Manfred Seifert

People in the Focus

About Subject Orientation in European Ethnology


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In its history European ethnology has developed a specific orientation towards the subject. Only since the 1960s, however, this discipline with the central concepts “culture” and “everyday life” has allowed persons to become objects of research. This paper presents three types of a subject-oriented research tradition of European ethnology. This mode of research is facing for quite some time now approaches of contemporary subject analysis, which consider the sovereignty and autonomy of the subject noticeably limited by socio-cultural or physiological moments. These approaches, as discussed in current cultural and social sciences and represented by parts of the natural sciences (neurobiology and neurophysiology), are stimulating for the European ethnological cultural research. At the same time, however, they exacerbate the challenge for subject-oriented ethnography to identify individualisable in contrast to socially and culturally contextualized or even neuronal controlled dimensions of personal identity. The paper discusses these challenges, refers to the specific potential of the European ethnological research logics and argues for productive solutions. For there is no reason to question the legitimisation of actor-centered research methods.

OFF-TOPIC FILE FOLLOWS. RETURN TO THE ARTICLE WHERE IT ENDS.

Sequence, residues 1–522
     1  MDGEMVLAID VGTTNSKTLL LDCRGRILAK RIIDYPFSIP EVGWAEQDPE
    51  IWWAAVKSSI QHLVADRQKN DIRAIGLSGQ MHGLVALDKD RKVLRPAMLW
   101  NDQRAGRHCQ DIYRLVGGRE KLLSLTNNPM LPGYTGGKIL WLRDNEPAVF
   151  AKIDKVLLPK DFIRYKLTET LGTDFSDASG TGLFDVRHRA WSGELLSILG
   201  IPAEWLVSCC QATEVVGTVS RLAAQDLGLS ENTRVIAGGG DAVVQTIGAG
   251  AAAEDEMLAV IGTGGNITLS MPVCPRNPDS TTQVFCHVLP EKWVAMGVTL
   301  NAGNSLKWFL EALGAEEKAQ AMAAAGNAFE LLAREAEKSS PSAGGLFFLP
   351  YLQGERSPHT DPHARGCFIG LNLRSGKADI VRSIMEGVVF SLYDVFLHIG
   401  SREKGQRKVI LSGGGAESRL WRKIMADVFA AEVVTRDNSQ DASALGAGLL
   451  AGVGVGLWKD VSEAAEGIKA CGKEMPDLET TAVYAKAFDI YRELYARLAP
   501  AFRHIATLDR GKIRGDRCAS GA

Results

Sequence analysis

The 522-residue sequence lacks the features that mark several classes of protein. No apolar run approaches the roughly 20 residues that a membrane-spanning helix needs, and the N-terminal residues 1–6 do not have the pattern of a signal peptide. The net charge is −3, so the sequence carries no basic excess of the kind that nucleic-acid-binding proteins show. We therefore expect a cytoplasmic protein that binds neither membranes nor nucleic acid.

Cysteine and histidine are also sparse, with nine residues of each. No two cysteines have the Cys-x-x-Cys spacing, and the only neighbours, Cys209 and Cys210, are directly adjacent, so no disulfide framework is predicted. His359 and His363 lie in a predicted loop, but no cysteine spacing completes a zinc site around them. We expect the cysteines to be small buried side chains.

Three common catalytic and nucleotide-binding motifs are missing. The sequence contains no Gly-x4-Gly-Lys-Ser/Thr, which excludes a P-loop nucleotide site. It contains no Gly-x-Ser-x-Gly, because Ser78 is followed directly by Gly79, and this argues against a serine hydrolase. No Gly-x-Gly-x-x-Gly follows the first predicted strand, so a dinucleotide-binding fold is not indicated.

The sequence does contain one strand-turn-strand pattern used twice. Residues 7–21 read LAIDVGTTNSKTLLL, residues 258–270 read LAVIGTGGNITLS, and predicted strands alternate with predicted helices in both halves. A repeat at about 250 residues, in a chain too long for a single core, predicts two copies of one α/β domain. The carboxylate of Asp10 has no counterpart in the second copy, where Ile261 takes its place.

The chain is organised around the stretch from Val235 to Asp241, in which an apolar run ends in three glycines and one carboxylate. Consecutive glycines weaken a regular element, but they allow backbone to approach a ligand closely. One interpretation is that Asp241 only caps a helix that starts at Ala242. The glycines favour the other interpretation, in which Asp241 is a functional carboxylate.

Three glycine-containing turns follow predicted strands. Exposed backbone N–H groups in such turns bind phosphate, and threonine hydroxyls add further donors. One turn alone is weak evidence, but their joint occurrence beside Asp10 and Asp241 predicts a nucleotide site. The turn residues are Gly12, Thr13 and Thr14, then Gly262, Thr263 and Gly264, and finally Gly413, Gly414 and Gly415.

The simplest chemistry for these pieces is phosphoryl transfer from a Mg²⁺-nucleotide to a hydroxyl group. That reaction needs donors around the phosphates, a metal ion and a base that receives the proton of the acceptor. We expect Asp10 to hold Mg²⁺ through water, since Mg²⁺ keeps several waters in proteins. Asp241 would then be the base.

Subject analysis, empirical research, ethnographic method, disciplinary history of European ethnology/folklore studies